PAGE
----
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ISBN-10 0133039722ISBN-13 9780133039726
ISBN-10 0133039706ISBN-13 9780133039702
Author(s): Jonathan R. Macey
Publisher: FT Press
Copyright year: © 2013 Pages: 304

For over a century, law firms, investment banks, accounting firms, credit rating agencies and companies seeking regular access to U.S. capital markets made large investments in their reputations. They treated customers well, and even occasionally endured losses to maintain their reputations as faithful brokers, dealers' issuers, and “gatekeepers.” This has changed. The business model among today's leading participants in the capital markets no longer treats customers as valued counterparties whose trust must be earned and nurtured, but as distant “counter-parties” to whom no duties are required. Simply put, the rough and tumble norms of the marketplace have replaced the long-standing fiduciary model in U.S. finance, and the result has been unrelenting financial scandal.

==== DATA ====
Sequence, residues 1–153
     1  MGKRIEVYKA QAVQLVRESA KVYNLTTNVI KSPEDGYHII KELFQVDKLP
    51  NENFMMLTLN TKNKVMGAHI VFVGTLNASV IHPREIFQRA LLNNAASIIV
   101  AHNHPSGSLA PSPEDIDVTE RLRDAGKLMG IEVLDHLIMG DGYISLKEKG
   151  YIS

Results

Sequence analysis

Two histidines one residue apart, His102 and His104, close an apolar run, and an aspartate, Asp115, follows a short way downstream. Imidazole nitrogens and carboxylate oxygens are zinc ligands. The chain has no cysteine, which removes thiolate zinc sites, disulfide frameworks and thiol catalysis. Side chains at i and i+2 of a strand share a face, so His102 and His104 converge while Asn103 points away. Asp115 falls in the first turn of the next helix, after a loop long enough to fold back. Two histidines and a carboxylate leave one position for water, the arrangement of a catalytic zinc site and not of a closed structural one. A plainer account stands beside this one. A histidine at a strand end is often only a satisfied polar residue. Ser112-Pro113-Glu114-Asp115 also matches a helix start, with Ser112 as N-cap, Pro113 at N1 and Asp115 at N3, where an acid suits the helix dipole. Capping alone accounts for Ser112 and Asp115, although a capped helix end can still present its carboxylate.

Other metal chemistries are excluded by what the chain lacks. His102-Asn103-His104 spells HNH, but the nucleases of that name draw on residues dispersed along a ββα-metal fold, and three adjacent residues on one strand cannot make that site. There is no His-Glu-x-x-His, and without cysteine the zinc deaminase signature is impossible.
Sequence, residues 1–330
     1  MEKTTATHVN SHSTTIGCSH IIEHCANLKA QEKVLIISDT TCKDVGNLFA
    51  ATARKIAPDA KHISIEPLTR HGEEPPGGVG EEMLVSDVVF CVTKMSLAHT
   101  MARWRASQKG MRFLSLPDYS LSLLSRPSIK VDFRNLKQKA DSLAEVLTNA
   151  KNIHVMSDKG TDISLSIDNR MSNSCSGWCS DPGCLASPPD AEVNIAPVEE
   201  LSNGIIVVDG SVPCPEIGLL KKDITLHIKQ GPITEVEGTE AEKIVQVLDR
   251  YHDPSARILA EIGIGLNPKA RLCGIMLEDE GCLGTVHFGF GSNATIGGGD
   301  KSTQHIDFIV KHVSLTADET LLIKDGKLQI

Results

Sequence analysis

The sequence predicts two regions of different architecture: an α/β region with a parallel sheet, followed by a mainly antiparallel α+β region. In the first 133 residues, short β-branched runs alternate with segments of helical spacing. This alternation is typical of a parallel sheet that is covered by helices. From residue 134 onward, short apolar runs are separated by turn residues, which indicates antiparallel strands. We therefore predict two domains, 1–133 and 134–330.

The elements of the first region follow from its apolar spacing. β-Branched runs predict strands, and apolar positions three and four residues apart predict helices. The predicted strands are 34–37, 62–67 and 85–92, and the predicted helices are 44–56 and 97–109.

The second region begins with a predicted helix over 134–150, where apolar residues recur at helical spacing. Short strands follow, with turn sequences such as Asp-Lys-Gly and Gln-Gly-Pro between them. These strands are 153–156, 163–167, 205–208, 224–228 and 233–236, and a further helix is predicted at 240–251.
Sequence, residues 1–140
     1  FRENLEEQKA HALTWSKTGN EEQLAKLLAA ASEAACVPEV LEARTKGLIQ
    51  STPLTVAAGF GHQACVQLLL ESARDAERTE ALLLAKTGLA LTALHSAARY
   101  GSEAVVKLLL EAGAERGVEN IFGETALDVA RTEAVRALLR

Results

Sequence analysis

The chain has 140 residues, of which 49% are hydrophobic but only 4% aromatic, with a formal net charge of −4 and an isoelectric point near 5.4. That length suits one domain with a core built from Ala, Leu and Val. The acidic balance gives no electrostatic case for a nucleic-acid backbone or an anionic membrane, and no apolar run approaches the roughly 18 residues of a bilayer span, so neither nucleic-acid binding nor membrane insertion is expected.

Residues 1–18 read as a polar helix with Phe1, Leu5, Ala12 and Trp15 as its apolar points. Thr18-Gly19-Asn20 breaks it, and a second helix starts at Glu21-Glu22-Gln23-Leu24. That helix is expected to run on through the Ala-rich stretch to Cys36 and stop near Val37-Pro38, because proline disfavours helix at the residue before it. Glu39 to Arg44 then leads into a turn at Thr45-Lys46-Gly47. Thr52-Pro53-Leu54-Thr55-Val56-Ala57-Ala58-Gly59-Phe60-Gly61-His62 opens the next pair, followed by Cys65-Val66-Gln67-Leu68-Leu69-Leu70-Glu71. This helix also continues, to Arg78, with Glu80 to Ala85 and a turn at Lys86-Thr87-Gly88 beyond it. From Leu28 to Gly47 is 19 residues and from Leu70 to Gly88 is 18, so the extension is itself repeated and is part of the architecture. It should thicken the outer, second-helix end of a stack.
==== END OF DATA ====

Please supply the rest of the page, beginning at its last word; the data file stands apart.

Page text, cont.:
In The Death of Corporate Reputation, pioneering corporate law and governance expert and Yale professor Jonathan Macey describes the disastrous transformation from the old reputational model to the existing laissez faire model in finance. Macey convincingly argues that the change came as a result of two factors: (1) the growth of reliance on regulation rather than reputation as the primary mechanism for protecting customers and (2) growing regulatory complexity, which made technical expertise rather than reputation the #1 criterion customers use in choosing new business partners. After identifying the heart of the problem, he offers a path forward -- and a true “silver lining” in the age of Madoff.